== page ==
French Influence in the
Madam, I did not think your ladyship Had so little judgment . . . As to let an Englishman draw your picture, And such rare monsieurs in town . . . You must encourage strangers, while you live; It is the character of our nation, we are famous For dejecting our own countrymen. . . . Trust, while you live, the Frenchman with your legs, Your faces with the Dutch . . .
James Shirley, The Ball, III. iii. 33-45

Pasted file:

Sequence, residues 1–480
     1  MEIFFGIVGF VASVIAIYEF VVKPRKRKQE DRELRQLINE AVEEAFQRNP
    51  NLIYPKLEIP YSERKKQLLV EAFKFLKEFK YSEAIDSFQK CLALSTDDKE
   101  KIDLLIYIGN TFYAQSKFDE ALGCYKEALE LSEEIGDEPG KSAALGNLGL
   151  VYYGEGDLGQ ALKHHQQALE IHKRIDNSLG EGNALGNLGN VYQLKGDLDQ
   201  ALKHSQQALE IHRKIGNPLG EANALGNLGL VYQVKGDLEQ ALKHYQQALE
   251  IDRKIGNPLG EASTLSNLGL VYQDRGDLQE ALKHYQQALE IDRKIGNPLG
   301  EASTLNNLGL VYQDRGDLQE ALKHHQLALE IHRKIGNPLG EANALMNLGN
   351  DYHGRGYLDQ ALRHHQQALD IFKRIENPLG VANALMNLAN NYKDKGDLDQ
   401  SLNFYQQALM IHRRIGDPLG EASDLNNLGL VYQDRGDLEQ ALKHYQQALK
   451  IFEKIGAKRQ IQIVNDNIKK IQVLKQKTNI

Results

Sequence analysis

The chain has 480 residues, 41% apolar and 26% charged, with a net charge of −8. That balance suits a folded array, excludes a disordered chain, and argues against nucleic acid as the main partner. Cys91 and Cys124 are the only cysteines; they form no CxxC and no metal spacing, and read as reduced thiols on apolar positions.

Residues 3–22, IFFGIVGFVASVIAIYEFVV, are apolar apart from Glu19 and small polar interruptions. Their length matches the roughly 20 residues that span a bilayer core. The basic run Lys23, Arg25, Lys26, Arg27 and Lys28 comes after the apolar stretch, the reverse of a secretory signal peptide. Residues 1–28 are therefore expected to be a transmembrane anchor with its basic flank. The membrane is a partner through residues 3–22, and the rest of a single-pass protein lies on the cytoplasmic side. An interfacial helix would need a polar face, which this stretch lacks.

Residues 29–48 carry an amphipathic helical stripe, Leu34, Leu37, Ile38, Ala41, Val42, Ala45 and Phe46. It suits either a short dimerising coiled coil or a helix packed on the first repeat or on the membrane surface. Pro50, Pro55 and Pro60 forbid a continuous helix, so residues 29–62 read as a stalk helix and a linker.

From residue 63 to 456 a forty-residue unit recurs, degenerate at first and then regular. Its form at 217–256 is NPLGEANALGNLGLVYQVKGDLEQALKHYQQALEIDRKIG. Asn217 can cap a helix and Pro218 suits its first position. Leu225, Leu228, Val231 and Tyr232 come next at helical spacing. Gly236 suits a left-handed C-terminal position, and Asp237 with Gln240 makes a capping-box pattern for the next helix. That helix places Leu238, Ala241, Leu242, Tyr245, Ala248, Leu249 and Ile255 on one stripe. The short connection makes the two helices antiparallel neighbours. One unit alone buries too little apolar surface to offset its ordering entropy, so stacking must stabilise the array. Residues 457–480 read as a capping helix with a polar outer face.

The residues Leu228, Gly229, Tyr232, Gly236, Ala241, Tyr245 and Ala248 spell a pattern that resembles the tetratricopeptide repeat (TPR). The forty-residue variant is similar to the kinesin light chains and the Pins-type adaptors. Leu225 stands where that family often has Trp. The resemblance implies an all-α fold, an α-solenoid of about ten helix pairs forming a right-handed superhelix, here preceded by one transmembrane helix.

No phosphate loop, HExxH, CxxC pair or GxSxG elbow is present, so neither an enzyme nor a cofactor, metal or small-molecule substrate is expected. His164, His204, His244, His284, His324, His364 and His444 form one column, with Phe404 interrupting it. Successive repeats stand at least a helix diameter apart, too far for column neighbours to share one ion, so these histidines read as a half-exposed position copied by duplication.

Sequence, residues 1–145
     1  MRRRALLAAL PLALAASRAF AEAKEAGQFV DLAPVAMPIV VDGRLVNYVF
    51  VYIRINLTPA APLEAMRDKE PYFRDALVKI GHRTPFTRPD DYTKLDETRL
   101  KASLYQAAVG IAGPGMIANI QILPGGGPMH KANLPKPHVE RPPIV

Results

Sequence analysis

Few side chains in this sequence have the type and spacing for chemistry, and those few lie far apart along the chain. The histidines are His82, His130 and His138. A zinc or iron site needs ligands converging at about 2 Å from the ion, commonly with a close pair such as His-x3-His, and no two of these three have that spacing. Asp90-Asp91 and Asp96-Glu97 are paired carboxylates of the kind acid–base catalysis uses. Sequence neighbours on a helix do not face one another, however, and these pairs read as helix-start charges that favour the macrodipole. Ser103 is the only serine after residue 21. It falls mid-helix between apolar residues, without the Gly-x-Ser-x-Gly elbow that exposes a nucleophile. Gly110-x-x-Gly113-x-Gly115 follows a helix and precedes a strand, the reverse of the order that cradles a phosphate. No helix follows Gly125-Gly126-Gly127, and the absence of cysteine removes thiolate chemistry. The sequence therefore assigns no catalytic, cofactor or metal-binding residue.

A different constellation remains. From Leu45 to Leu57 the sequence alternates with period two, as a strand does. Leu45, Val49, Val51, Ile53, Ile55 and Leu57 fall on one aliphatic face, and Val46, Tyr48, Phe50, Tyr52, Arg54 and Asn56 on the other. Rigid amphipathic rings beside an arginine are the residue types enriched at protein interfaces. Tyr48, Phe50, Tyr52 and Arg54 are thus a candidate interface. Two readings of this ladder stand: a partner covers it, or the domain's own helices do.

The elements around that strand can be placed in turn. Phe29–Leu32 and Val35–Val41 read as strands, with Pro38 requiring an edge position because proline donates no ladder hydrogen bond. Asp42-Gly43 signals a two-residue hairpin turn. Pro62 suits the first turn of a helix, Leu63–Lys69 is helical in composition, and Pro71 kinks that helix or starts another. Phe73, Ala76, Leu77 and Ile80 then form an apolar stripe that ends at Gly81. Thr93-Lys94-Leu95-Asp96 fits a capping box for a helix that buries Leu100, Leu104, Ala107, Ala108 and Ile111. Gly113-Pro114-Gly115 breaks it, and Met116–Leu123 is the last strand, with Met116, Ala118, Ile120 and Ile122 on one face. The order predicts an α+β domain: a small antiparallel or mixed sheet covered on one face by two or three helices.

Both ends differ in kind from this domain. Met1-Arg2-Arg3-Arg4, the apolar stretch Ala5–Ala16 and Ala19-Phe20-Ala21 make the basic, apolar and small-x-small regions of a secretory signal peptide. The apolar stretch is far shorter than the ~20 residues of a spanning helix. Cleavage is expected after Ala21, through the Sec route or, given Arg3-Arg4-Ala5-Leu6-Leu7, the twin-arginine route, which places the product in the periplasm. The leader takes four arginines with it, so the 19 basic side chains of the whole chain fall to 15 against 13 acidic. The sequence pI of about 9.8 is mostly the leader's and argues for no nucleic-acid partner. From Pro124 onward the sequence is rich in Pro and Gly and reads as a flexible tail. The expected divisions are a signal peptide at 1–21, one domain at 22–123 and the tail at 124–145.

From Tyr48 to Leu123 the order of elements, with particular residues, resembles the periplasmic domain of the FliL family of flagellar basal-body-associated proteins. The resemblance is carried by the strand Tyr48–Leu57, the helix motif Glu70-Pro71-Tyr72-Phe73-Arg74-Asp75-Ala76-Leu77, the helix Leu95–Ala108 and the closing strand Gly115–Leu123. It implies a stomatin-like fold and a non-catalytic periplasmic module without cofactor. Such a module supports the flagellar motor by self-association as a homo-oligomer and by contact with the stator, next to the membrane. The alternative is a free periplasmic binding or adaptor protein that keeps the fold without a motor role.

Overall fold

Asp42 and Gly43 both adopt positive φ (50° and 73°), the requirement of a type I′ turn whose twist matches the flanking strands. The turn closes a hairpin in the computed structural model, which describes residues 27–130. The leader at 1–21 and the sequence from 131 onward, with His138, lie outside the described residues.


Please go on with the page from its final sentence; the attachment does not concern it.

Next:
Shirley's play was licensed for performance at the end of 1632 (the year in which the most sought-after Dutch portraitist, Van Dyck, took up residence in England). The Ball's satire on the court and its prevailing fashions proved almost too close for comfort; Lord Herbert, the Master of the Revels, considered having the play banned because 'there were divers personated so naturally, both of lords and others of the court, that I took it ill'.1 The word 'ball' is itself a French borrowing.2 As its use in the title of Shirley's play might lead us to expect, learning dancing from Frenchmen is singled out for particular scorn as a fashionable affectation. Shirley's Monsieur le Frisk is a caricature who could have been based on any number of French dancingmasters in London in the 1630s. He implies that he is essentially a dance specialist (while other Frenchmen excel at violin-playing): 'My broder, my lord, know well for de litle kit -- he fiddle -- and me for de posture of de body.____________________